This Nuclear Note addresses proposed mitigation teohniques that can be employed hefore, Iduring, and immediately after a nuclear attack. Two subsequent notes are planned to dealwith "post attack recovery" and "continued operations in a nuclear environment."

    WHAT ARE NUCLEAR WEAPONS EFFECTS MITICIATION TECHNIQUES?

    Mitigation techniques are proposed configurations and procedures for employment ofpersonnel and equipment to lessen or minimize their vulnerability to nucilear weaponseffects. These techniques are intended to be field expedients that can be accomplishedreadily by individuals and units using only such equipment, and material as Are readilyavailable. Potential mitigation techniques may be as simple as the use of anchors,tiedowns, and outriggers or digging in to prevent equipment turnover; the use of trackedvehicles as expedient overhead cov3r; and wetting down or compacting defensive positions toenhance radiation protection.

    Mitigation techniques fall into three general categories: actions before, during, orafter a nuclear attack,

    1. Actions before a nuclear attack consist of long-range planning, training, andmaintenance for operations on the nuclear battlefield and the assumption of prestrikeprotective postures by "strike-warned" troops.

    2. Actions during and immediately after an attack include an Indlvidual's immediateactions to protect himself and reduce his response to the effects of the nuclear detonation.

    3. Actions after the attack include recovevy from the effects of the nuclear burst andcontinued mission operations in the nuclear environment.

    Ideally, each of the potential Injury producing and equipment damaging mechanismsassociated with nuclear effects (e.g., foxhole/fighting position collapse, overpressure,vehicle turnover, debris, tree blowdown, initial radiation, EMP, ground shook, thermalradiation, fires, and fallout) should he examined and mitigation techniques compiled. Thenature and effectiveness of ench mitigatibn technique will depend strongly on the situationconsidered; i.e., the nuclear environment, protection available, uinit mission, Fnd specifichardness of the equipment affected. The selection of mitigation techniques contained inthis note is by no means comprehensive. It is intended to be the beginning of a list offield expedient techniques that users should expand inod tailor to individual and unit needs.

    WHAT NUCLEAR EFFECTS ARE OF CONCERN?

    Before addressing methods to minimize personnel and equipment vulnerability, it isimportant to understand how nuclear weapons effects cause personnel casualties and materieldamage In order to mitigate realistioally the effects of enemy nuclear detonations.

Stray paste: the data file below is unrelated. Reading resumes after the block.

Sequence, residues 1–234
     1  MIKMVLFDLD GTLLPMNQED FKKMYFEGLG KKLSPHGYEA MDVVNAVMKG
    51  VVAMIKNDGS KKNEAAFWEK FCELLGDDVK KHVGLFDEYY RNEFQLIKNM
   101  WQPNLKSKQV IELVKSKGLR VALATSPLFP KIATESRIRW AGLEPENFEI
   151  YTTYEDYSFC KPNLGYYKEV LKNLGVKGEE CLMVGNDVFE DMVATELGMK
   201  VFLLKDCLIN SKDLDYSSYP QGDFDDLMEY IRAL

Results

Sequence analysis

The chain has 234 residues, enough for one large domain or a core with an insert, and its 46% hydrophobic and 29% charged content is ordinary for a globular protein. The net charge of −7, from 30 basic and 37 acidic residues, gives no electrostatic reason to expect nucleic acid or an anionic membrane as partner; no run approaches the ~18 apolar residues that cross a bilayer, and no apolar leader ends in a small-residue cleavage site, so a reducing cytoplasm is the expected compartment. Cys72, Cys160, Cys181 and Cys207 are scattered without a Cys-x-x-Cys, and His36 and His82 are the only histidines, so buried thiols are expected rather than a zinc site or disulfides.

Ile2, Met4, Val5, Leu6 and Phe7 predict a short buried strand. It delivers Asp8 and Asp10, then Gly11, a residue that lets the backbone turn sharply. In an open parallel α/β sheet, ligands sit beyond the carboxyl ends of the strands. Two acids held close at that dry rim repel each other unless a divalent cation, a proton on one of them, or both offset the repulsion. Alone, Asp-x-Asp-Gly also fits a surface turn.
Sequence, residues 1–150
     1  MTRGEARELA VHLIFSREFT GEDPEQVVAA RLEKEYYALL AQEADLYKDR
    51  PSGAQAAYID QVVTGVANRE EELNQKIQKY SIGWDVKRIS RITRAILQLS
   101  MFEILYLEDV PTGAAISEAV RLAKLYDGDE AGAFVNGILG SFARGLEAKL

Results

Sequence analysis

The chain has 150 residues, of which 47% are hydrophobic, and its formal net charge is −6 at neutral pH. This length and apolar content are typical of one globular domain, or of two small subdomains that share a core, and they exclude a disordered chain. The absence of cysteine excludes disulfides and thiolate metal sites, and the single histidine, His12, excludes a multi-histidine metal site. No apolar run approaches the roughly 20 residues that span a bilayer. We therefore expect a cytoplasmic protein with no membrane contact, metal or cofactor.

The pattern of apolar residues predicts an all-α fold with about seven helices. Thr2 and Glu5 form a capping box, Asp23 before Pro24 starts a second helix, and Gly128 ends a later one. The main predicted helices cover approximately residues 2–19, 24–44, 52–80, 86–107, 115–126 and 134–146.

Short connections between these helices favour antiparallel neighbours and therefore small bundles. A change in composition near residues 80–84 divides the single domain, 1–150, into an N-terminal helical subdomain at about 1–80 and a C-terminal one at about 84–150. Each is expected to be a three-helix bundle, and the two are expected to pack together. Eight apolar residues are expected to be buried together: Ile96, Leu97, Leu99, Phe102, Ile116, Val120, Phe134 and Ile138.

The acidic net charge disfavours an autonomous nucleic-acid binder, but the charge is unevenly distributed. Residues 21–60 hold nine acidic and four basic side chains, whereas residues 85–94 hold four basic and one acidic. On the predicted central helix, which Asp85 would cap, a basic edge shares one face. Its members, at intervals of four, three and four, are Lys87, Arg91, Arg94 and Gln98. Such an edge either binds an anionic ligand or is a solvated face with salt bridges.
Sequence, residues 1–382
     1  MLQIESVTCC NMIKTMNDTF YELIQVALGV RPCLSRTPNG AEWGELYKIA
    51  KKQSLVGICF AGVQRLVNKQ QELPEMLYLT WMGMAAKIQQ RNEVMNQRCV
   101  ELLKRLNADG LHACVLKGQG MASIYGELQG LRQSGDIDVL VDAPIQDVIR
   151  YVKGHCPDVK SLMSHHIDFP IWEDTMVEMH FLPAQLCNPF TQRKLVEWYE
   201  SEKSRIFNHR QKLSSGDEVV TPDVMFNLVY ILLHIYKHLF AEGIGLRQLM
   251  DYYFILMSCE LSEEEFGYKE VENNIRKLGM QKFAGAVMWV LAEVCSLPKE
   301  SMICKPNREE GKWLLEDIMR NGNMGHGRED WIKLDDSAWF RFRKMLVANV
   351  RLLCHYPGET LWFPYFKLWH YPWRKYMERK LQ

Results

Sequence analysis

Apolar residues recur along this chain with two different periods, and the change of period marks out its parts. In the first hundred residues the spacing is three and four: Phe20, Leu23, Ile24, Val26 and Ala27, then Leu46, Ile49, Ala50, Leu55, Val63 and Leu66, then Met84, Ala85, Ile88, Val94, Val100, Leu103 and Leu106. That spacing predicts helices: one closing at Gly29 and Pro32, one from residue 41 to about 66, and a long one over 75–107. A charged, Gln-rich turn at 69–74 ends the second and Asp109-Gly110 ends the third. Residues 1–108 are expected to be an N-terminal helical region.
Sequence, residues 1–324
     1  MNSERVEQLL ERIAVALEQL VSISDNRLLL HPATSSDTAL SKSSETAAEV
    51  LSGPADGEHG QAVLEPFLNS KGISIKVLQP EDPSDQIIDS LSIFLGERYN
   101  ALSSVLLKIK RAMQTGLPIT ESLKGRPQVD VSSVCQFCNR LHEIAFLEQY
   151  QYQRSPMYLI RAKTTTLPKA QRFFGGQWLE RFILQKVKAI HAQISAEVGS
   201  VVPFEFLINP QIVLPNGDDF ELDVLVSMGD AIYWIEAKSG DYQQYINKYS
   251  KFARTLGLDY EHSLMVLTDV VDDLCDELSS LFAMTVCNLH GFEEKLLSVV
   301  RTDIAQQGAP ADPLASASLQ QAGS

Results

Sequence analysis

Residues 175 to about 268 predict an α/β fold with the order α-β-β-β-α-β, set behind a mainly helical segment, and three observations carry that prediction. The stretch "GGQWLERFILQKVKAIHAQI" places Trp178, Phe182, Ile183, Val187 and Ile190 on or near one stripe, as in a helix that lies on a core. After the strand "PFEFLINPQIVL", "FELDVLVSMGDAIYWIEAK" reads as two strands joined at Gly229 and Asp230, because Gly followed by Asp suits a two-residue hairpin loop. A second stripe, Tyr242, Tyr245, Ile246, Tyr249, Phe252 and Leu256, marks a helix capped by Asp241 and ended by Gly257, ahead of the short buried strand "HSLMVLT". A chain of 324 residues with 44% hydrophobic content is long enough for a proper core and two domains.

Nuclear weapons effects may be classified as initial and residual. Figure 1 illustratesthe partitioning of energy from a typical fission weapon. Initial affects occur in thoimmediate area within one minute after a detonation and are most important to the commandersince they will create personnel casualties and materiel damage within the timespan of the

  • current operation. The principal initial casualty producing effects are blast, thermalradiation, ind Initial nuonsar radiation. Other Initial effects (electromagnetic pulse(FMP) and transient radiation effects on electronics (TREE)) affect only electrical andeleetronic; equipment and require protection of one's own equipment from the effects of bothonemy and friendly weapons employment. Residual effects, i.e., fallout, are primarily oflong term interent hut, under certain circumstances, may al so have serious Impact on successor fallure in the immediate hattie area.

    BLAST HEMA

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    EMP INITIAL RADIATION RESIDUAL RADIATION

    FIGURE 1. ENERGY PARTITION FOR FISSION WEAPONS.

    HOW WILL THESE EFFECTS CAUSE INJURY OR DAMAGE?

    The air blast from these bursts will overturn and crush equipment, collapse lungs,rupture eardrums, hurl debris, tumble personnel, and collapse foxholos. Thermal radiationwill set fire to combustible materials, result in flash blind6ess or burns of the eyes, andcause personnel casualties due to skin burns. Nuclear radiation will affect criticalbiological systems by damaging cells whish are components of all parts of the body. Thisradiation damage may cause headaches, nausea, vomiting and diarrhea that is generally Called"radiation siokness." Although nuclear radiation is the dominant casualty producing effectfor low yield tactical nuclear weapons, othtr initial effects may produce significant damageand/or casualties depending on the weapon type, yield, burst conditions, and the degree ofpersonnel and equipment protection, Figure 2 shows typical radii of "dominant" effects atcasualty levels (CAS) and safety levels (SAF) for nominal 1 KT and 10 KT fission we